The Most Expensive American Muscle Cars Sold at an Auction
Muscle cars from Detroit’s golden age hold a special place in the heart of many auto aficionados. Almost every enthusiast has his or her own favorite classic muscle cars, and many of these enthusiasts actively follow the latest news and sales of these iconic treasures of American history. Although most vehicles decrease in value as they age, some of these classic cars are valued quite highly and can fetch a princely sum at auction. In this article, we’ll highlight some of the most expensive American muscle cars ever sold.
1967 L88 Corvette Convertible sells for $3.2 million
As one of the most recognizable American muscle cars, the Chevrolet Corvette is a favorite of many gearheads. With its iconic Stingray styling and aggressive performance, the Corvette has held its value quite well over the years. However, few Corvettes have ever matched the price of this convertible 1967 L88 Corvette. Its black-on-red paint scheme had been meticulously restored, and its body was a perfect representation of the famous Stingray styling.
However, those factors alone wouldn’t have been enough to justify its jaw-dropping price tag. Like all of the other entries on our list, this vehicle is truly unique. Most importantly, it’s one of the few L88-model Corvettes from the 1967 model year; that year, Chevrolet only produced 20 of these highly sought-after vehicles. The L88 trim level was a secret model for Chevrolet; it didn’t advertise the option to the public or to its dealers, and most of the L88 vehicles from that year were sold discreetly to race teams. The L88 option turned the Corvette, already a powerful muscle car, into a bona fide racecar. Its engine was rated at 430 horsepower, and a warning sticker plastered in the center console of the vehicle warned drivers that the premium engine under the hood required specialized racing fuel. A number of other race features were installed in the L88, including powerful brakes, a heavy-duty transmission and more.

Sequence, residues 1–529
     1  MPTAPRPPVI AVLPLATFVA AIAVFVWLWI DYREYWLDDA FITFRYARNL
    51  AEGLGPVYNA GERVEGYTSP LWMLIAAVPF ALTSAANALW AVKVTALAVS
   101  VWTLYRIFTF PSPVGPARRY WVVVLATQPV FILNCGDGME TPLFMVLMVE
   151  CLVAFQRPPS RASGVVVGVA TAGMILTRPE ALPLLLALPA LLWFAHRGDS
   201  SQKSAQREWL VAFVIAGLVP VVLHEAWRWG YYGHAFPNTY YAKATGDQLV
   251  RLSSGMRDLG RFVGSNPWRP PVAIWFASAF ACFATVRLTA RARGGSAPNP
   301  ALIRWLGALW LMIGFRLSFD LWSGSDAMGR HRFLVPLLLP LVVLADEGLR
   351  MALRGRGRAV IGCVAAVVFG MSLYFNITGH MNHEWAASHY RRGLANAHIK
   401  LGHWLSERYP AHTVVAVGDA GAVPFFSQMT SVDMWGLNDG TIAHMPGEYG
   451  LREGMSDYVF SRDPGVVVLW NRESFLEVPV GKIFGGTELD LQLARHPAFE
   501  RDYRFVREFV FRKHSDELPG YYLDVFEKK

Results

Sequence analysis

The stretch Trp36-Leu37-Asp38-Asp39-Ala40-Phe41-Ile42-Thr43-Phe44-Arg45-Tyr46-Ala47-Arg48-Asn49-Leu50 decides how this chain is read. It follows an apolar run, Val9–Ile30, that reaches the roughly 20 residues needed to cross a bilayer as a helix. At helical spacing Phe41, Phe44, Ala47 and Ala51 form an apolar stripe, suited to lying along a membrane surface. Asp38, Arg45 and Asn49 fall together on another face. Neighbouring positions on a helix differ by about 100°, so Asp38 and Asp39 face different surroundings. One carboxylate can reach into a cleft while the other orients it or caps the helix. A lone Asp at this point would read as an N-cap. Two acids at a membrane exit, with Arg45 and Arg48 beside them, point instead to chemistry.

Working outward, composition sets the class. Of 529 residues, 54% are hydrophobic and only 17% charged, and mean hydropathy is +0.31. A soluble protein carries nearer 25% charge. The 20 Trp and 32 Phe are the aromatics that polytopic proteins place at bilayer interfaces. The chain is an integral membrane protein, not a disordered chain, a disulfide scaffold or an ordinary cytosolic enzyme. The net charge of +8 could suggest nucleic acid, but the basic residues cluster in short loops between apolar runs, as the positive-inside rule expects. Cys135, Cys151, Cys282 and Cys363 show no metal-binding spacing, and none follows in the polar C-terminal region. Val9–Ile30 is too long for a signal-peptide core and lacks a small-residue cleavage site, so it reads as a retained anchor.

This particular vehicle was modified and used as a drag racer until 1970, when it was returned to the stock L88 specifications. It retained all of its iconic features, including the warning sticker for the fuel, and numerous racing slips and other documentation proved its prestigious pedigree. After the bidding had ended, this unique production racer changed hands for a cool $3.2 million.
1971 Hemi Cuda Convertible 4-Speed — $3.5 Million
The 1971 Dodge Barracuda is a classic muscle car, and the Cuda Hemi variant is considered by many to be the pinnacle of classic muscle car design. Its long hood and short deck evoke power and passion, a simple design that’s instantly recognizable to any muscle car enthusiast. Originally introduced in 1970, the Hemi Cuda served as a halo car for Dodge, driving sales of its lesser cousins through its impressive performance.
The Hemi Cuda only enjoyed a brief moment in the sun, however; shortly after its introduction, surging gas prices and new government regulations took an axe to demand for classic muscle cars. Accordingly, despite the robust sales numbers from the 1970 model, there were comparatively fewer vehicles sold in the 1971 model year. Only 119 Hemi Cuda vehicles were produced in that year, and only 11 of those vehicles were convertibles.